Manifest Design: American Exceptionalism and Empire, Revised Edition (Cornell Paperbacks)

✐ Manifest Design: American Exceptionalism and Empire, Revised Edition (Cornell Paperbacks) pdf ✑ Author Thomas R. Hietala – Johndore.co.uk
  • Paperback
  • 312 pages
  • Manifest Design: American Exceptionalism and Empire, Revised Edition (Cornell Paperbacks)
  • Thomas R. Hietala
  • English
  • 23 May 2018
  • 9780801488467

About the Author: Thomas R. Hietala

Is a well-known author, some of his books are a fascination for readers like in the Manifest Design: American Exceptionalism and Empire, Revised Edition (Cornell Paperbacks) book, this is one of the most wanted Thomas R. Hietala author readers around the world.


Manifest Design: American Exceptionalism and Empire, Revised Edition (Cornell Paperbacks)Praise For The Earlier Edition A Fascinating, Thought Provoking Book Hietala Shows That It Was Not Destiny But Design And Aggression That Enabled The United States To Control Texas, New Mexico, And California Historian Hietala Has Examined An Impressive Array Of Primary And Secondary Materials His Handling Of The Relationship Between The Domestic And Foreign Policies Of The Decade Shatters Some Myths About America S So Called Manifest Destiny And Deserves The Attention Of All Scholars And Serious Students Of The Period Western Historical Quarterly Since 1845, The Phrase Manifest Destiny Has Offered A Simple And Appealing Explanation Of The Dramatic Expansionism Of The United States In This Incisive Book, Thomas R Hietala Reassesses The Complex Factors Behind American Policymaking During The Late Jacksonian Era Hietala Argues That The Quest For Territorial And Commercial Gains Was Based On A Desire For Increased National Stability Than On Any Response To Demands By Individual Pioneers Or Threats From Abroad.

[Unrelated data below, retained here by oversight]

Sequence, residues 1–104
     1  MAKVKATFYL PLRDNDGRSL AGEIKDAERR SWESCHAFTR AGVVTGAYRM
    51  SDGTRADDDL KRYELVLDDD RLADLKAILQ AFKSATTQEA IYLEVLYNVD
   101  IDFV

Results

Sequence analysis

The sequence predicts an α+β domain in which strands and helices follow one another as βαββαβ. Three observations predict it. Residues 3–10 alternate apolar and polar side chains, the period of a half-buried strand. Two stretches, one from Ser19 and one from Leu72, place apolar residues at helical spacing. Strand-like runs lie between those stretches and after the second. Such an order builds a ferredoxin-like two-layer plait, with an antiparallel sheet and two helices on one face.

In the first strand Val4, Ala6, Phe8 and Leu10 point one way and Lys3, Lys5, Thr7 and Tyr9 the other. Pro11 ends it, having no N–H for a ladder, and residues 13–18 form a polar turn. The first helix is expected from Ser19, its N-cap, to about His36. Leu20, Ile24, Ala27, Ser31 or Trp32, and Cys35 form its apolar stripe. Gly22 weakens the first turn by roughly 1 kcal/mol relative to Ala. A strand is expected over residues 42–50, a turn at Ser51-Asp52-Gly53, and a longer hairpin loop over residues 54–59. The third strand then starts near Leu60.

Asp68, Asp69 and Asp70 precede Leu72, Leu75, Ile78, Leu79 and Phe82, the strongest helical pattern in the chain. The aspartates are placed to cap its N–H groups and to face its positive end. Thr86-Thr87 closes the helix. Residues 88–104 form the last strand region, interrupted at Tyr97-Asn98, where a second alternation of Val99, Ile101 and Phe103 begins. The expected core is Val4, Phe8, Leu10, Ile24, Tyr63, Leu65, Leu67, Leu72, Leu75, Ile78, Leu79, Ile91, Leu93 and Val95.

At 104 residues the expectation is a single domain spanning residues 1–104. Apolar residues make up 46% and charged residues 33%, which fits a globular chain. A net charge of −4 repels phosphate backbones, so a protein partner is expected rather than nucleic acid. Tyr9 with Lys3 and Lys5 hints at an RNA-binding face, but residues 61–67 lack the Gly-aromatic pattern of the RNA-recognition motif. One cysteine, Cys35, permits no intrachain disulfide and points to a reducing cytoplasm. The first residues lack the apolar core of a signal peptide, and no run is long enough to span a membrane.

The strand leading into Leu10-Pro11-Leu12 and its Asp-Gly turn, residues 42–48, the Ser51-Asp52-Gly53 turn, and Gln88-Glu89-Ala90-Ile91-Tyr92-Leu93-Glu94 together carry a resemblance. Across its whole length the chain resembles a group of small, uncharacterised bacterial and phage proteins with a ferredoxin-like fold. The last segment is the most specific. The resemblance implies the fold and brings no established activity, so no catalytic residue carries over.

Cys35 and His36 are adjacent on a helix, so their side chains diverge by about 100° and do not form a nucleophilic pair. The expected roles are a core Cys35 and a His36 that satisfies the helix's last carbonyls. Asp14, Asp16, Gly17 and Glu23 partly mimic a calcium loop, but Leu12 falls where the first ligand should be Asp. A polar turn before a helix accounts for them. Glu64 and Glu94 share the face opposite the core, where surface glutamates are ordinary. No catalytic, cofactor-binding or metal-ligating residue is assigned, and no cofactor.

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10 thoughts on “Manifest Design: American Exceptionalism and Empire, Revised Edition (Cornell Paperbacks)

  1. Billy says:

    This revised edition of Thomas Hietala s 1985 work Manifest Design Anxious Aggrandizement in Late Jacksonian America provides a concise diplomatic and military history of the Taylor and Polk administrations Hietala, a professor of history at Grinnell College, emphasizes the role of policymakers over pioneers in Manifest Destiny He views the westward expansion of America during the 1840s and the Mexican War as premeditated Covetous politicians rallied around the national fervor of Manifest Destiny to endorse their land grab Hietala notes that Presidents Tyler and Polk and their advisers employed many tactics open diplomacy, intrigue by secret agents, economic leverage, intimidation, and offensive war to take land in the south and west ix America s new acquisitions, including Texas, Oregon and California, provided cheap security and domestic harmony through territorial and commercial growth xiii In short, Manifest Destiny remained the call that validated America s actions for pioneers, but political leaders had a less than divine design to acquire these vast tracts of land Hietala explicitly hopes that his examination will shake up the historiography of nineteenth century U.S Foreign Relations He finds the Cold War consensus view that American foreign policy lay mostly beni...